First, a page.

Vigilant of the ultimate gloom
Gavin T. Murphy keeps a blog on ilovebipolar.com and he looks to Ignatian Spirituality for strength and inspiration.
Oh, the heaviness, the despair, the sad, sad feeling of dread, of defeat. I feel like a dead body washed up on the beach, no good to anyone, no more living. And I feel as though it is all my fault, that I deserve to be dead.
I ponder the destructive state of dread. In terms of the inner critic, the pointed finger is replaced by a vicious dog foaming at the mouth. There is no more momentum. Just looking to my sinfulness and woefulness. My mind is in chaos: spiralling in negativity and fixed on the mud and darkness of the world. How can I be vigilant? My heart is also bruised and battered. It was once alive and well with the optimism of my dreams, but that has now receded leaving me to dwell on my uselessness and lack of productivity. I have no sense of gratitude and I feel far away from ‘God’ who desires to spur me to fullness of life. How can I get back my peace and serenity?
But from the deepest hole, I hear a sound. Someone calling my name… “We love you. We treasure you. Climb up the ladder and grace us with your presence.” And I climb, and I climb, and little by little I feel the warmth of the fire.
I can tune into my inner observer by breathing and noticing my thoughts, feelings and sensations. I can reorder my mind toward positivity and realness. I look to the relationship between the lotus flower and the mud: mindful of the monochrome but also of the colour. I can be bold without feeling the heaviness of shame. I can grow in heartfulness by journeying with my suffering, loving it, soothing it and calling out for ‘God’. I can love myself enough to climb out of this depression. I can make a cup of tea, say “Hi” to my family and call my friend. I can tune into the music of love by hearing the sounds of people and singing along with the melody of gratitude.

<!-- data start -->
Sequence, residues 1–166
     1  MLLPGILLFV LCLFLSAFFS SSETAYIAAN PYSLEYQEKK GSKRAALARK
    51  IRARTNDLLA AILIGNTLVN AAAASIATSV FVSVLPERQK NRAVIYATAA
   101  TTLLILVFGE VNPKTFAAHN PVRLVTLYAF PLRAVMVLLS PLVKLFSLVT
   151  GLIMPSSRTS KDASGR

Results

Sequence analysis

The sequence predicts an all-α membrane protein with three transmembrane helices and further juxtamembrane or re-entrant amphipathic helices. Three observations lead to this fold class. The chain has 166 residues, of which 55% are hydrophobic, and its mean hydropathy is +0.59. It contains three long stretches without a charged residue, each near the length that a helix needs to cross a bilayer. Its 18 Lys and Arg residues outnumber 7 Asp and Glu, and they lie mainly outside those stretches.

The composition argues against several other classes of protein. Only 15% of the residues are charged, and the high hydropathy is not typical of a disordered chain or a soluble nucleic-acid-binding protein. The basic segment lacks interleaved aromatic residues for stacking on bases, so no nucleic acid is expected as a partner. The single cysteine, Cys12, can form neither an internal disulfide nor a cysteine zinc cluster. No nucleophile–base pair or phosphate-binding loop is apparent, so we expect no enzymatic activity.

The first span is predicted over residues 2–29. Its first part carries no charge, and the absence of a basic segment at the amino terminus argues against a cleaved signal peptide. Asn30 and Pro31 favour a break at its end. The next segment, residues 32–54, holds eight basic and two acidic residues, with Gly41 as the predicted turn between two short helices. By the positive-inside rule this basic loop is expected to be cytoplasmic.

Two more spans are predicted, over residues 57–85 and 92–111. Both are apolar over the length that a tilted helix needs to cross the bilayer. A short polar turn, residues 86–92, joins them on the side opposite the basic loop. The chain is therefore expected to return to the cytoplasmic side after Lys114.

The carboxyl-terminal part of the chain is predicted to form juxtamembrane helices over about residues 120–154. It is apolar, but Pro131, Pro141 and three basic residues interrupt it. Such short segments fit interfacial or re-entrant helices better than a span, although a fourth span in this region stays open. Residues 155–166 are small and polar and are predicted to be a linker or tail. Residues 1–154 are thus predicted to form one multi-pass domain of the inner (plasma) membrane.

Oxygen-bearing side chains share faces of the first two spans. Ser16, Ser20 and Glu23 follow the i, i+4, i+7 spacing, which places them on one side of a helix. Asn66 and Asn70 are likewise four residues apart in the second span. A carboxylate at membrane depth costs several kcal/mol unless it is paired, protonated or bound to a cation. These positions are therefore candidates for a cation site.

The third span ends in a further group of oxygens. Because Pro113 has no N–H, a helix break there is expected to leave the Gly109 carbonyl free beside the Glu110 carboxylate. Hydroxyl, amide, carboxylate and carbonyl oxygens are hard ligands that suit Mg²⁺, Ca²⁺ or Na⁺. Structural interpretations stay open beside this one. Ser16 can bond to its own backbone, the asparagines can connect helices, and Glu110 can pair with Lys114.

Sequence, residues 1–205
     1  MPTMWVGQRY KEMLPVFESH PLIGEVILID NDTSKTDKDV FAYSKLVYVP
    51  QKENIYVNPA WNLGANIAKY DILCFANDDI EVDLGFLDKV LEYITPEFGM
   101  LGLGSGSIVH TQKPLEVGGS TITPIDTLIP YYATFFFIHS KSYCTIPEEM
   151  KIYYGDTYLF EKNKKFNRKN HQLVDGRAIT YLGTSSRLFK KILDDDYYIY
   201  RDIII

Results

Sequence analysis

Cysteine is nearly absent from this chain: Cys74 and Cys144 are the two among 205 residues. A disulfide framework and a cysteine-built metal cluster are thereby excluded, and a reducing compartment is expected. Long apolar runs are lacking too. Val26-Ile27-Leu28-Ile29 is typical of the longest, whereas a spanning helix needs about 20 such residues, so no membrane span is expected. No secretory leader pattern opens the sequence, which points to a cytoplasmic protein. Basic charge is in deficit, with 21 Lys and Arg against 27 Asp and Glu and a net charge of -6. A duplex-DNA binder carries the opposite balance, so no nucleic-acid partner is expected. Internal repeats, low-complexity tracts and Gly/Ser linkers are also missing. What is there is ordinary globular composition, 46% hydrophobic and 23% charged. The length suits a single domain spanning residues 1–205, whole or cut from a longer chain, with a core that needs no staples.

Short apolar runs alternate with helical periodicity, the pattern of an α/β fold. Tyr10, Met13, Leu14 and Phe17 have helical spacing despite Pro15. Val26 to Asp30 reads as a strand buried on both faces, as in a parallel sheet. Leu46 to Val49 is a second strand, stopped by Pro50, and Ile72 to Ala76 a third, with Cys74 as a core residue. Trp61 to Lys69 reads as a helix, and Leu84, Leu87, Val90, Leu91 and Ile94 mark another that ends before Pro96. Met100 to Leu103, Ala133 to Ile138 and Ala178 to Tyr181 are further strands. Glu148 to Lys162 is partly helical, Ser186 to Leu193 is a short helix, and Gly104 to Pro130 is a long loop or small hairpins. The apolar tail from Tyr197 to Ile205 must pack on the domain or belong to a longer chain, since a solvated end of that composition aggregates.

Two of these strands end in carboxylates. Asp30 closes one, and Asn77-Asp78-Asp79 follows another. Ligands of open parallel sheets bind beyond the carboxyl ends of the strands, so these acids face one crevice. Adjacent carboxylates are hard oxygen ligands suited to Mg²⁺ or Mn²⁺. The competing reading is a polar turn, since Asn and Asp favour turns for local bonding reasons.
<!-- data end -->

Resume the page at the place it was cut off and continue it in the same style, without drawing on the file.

I can operate out of two levels of experiencing. On the surface level, I experience despair and turmoil and the pain and suffering of the world. On the deeper level, which can be understood through intuition, I am held secure by the goodness of the love of ‘God’. It is not easy to tune into love in the depths of depression; it takes hard-earned wisdom to believe that good work can still be done and that I am worthy of help from anyone. This can also be a wonderful opportunity to grow in faith, acknowledging the greatest need for the divine. “God, shine through my cracks with your light. Help me to tread this intermediary stage and to be attentive to your love.”
“Hallelujah for the rising sun of balance!” Mindfulness enabled me to replace dread with boldness and ingratitude with gratitude. Mysticism called me to an intuitive level of peace and opened up new possibilities of growth. As an aspiring mindful mystic of the ordinary life, I am encouraged to see through the lens of love and compassion and to embody the wise heart of the lotus.
[This fourth poetic reflection on mental health for young people is in line with the Jesuits’ new apostolic preference: “To accompany the young in the creation of a hope-filled future”. More to follow soon].